|Born||July 5, 1915|
South Connellsville, Pennsylvania, U.S.
|Died||October 30, 2007 (aged 92)|
Fountain Hills, Arizona, U.S.
|Alma mater||University of Pittsburgh|
|Achievements and titles|
|Personal best(s)||440 yards – 47.0 (1937)|
880 yards – 1:47.7i (1940)
Mile – 4:12.8 (1939)
John Youie "Long John" Woodruff (July 5, 1915 – October 30, 2007) was an American middle-distance runner, winner of the 800 meter event at the 1936 Summer Olympics.
Woodruff was only a freshman at the University of Pittsburgh in 1936 when he placed second at the National Amateur Athletic Union meet and first at the Olympic Trials (in the heat 1:49.9; WR 1:49.8), earning a spot on the U.S. Olympic team. Woodruff was a member of Alpha Phi Alpha fraternity.
Despite his inexperience, he was the favorite in the Olympic 800 meter run, and he did not disappoint. In one of the most exciting races in Olympic history, Woodruff became boxed in by other runners and was forced to stop running. He then came from behind to win in 1:52.9. The New York Times described the race:
He remembers the anguish of his Olympic race: "Phil Edwards, the Canadian doctor, set the pace, and it was very slow. On the first lap, I was on the inside, and I was trapped. I knew that the rules of running said if I tried to break out of a trap and fouled someone, I would be disqualified. At that point, I didn't think I could win, but I had to do something."
Woodruff was a 21-year-old college freshman, an unsophisticated and, at 6 feet 3 inches (1.91 m), an ungainly runner. But he was a fast thinker, and he made a quick decision.
"I didn't panic," he said. "I just figured if I had only one opportunity to win, this was it. I've heard people say that I slowed down or almost stopped. I didn't almost stop. I stopped, and everyone else ran around me."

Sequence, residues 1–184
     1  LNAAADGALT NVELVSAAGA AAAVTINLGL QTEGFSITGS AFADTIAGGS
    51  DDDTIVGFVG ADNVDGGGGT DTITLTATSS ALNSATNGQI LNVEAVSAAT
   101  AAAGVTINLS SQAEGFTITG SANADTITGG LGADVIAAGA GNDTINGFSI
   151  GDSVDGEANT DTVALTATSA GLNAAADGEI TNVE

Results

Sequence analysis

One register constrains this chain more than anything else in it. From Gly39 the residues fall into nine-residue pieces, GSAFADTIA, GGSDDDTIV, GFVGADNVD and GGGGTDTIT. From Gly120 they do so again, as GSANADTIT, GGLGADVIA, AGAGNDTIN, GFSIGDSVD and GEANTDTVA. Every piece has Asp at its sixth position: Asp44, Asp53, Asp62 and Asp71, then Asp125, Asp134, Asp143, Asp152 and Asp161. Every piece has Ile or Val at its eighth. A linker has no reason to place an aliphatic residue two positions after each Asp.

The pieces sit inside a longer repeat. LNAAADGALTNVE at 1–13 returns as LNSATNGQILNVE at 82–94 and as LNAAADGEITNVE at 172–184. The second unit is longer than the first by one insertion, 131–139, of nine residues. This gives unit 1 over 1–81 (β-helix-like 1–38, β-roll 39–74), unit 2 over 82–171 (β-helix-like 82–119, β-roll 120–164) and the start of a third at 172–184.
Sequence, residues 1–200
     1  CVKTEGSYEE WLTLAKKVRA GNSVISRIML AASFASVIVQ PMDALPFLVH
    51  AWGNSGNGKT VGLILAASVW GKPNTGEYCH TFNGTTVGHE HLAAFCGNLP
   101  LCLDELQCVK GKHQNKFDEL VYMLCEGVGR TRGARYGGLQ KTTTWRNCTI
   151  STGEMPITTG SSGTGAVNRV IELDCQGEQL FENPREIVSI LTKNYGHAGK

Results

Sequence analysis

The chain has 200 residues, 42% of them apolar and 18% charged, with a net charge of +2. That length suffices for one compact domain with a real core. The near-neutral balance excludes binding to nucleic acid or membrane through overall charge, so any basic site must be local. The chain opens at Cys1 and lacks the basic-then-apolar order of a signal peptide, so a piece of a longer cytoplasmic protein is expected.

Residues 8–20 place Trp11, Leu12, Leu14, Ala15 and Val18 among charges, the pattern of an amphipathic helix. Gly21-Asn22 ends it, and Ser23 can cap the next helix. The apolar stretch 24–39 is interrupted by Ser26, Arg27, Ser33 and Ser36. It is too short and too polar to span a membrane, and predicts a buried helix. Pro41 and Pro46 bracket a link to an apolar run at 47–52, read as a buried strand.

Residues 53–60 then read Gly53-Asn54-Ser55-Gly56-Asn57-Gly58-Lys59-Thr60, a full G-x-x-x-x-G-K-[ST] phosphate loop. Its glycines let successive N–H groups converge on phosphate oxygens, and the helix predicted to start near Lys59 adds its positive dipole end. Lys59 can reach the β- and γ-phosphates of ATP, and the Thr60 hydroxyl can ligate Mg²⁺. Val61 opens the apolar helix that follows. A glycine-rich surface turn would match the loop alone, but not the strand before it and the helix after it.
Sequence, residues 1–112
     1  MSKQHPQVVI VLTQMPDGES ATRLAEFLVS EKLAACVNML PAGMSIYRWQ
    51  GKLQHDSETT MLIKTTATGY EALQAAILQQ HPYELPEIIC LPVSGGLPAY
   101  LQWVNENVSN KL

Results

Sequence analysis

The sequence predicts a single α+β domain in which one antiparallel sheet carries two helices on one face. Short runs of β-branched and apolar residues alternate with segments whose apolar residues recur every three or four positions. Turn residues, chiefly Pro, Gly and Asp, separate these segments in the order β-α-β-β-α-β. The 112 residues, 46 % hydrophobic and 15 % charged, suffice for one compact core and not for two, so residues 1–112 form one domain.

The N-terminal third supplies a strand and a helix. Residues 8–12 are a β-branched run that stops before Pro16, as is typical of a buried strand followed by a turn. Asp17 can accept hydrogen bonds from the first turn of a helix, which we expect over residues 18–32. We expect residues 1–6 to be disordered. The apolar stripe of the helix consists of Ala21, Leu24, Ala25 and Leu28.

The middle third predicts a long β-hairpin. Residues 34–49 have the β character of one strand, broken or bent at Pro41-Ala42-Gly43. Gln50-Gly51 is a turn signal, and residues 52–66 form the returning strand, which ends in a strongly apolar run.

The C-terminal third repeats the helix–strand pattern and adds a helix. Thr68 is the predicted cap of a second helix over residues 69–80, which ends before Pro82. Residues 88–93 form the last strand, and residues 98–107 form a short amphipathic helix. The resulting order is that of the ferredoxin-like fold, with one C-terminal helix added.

Then, with his stride of almost 10 feet (3.0 m), Woodruff ran around everyone else. He took the lead, lost it on the backstretch, but regained it on the final turn and won the gold medal.
During a career that was curtailed by World War II, Woodruff won one Amateur Athletic Union title in 800 meter in 1937 and won both 440 yd (400 m) and 880 yd (800 m) IC4A titles from 1937 to 1939. Woodruff also held a share of the world 4×880 yard relay record while competing with the national team.
Woodruff graduated from the University of Pittsburgh in 1939, with a major in sociology. While at the University of Pittsburgh, Woodruff became a member of Alpha Phi Alpha fraternity. and then earned a master's degree in the same field from New York University in 1941. He entered military service in 1941 as a second lieutenant and was discharged as a captain in 1945. He re-entered military service during the Korean War era, and left in 1957 as a lieutenant colonel. He was a battalion commander in the 369th Coastal Artillery Regiment, later the 569th Transportation Battalion of the New York Army National Guard.
In later years Woodruff lived in New Rochelle in Westchester County, New York and in Hightstown, New Jersey. He coached young athletes and officiated at local and Madison Garden track meets. Woodruff also worked as a teacher in New York City, a special investigator for the New York Department of Welfare, a recreation center director for the New York City Police Athletic League, a parole officer for the state of New York, a salesperson for Schieffelin and Co. and an assistant to the Center Director for Edison Job Corps Center in New Jersey. In the late 1990s John, with his wife Rose, retired to Fountain Hills, Arizona residing at Fountain View Village retirement community. Woodruff's last public appearance was on April 15, 2007 when he, along with the members of the Tuskegee Airmen, was honored by the Arizona Diamondbacks by throwing out the first pitch. John Woodruff is buried at Crown Hill Cemetery, Indianapolis (section 46, lot 86).
Each year, a 5-kilometer road race is held in Connellsville to honor Woodruff. In 2016, the 1936 Olympic journey of the eighteen Black American athletes, including Woodruff, was documented in the film Olympic Pride, American Prejudice.